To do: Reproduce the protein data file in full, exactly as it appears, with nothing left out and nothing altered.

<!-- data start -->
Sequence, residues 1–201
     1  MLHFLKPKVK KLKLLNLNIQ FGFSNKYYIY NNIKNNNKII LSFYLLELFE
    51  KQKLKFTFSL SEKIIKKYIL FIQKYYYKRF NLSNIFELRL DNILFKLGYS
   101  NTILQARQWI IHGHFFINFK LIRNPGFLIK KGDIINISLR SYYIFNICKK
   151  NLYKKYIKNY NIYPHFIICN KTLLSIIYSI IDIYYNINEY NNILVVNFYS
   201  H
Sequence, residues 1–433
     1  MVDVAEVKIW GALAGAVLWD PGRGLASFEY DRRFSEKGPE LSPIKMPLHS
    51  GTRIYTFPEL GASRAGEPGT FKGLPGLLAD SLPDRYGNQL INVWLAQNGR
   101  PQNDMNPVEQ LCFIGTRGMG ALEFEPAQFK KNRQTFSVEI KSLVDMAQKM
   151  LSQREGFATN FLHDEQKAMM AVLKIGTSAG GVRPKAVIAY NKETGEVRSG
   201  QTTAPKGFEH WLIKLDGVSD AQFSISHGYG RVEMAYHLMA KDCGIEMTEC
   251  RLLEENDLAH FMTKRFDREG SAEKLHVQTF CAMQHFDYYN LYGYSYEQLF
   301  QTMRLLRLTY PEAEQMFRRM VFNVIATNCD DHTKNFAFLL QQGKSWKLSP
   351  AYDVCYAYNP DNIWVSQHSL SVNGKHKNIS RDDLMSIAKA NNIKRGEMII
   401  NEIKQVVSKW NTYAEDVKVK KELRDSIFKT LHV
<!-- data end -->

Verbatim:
Sequence, residues 1–201
     1  MLHFLKPKVK KLKLLNLNIQ FGFSNKYYIY NNIKNNNKII LSFYLLELFE
    51  KQKLKFTFSL SEKIIKKYIL FIQKYYYKRF NLSNIFELRL DNILFKLGYS
   101  NTILQARQWI IHGHFFINFK LIRNPGFLIK KGDIINISLR SYYIFNICKK
   151  NLYKKYIKNY NIYPHFIICN KTLLSIIYSI IDIYYNINEY NNILVVNFYS
   201  H
Sequence, residues 1–433
     1  MVDVAEVKIW GALAGAVLWD PGRGLASFEY DRRFSEKGPE LSPIKMPLHS
    51  GTRIYTFPEL GASRAGEPGT FKGLPGLLAD SLPDRYGNQL INVWLAQNGR
   101  PQNDMNPVEQ LCFIGTRGMG ALEFEPAQFK KNRQTFSVEI KSLVDMAQKM
   151  LSQREGFATN FLHDEQKAMM AVLKIGTSAG GVRPKAVIAY NKETGEVRSG
   201  QTTAPKGFEH WLIKLDGVSD AQFSISHGYG RVEMAYHLMA KDCGIEMTEC
   251  RLLEENDLAH FMTKRFDREG SAEKLHVQTF CAMQHFDYYN LYGYSYEQLF
   301  QTMRLLRLTY PEAEQMFRRM VFNVIATNCD DHTKNFAFLL QQGKSWKLSP
   351  AYDVCYAYNP DNIWVSQHSL SVNGKHKNIS RDDLMSIAKA NNIKRGEMII
   401  NEIKQVVSKW NTYAEDVKVK KELRDSIFKT LHV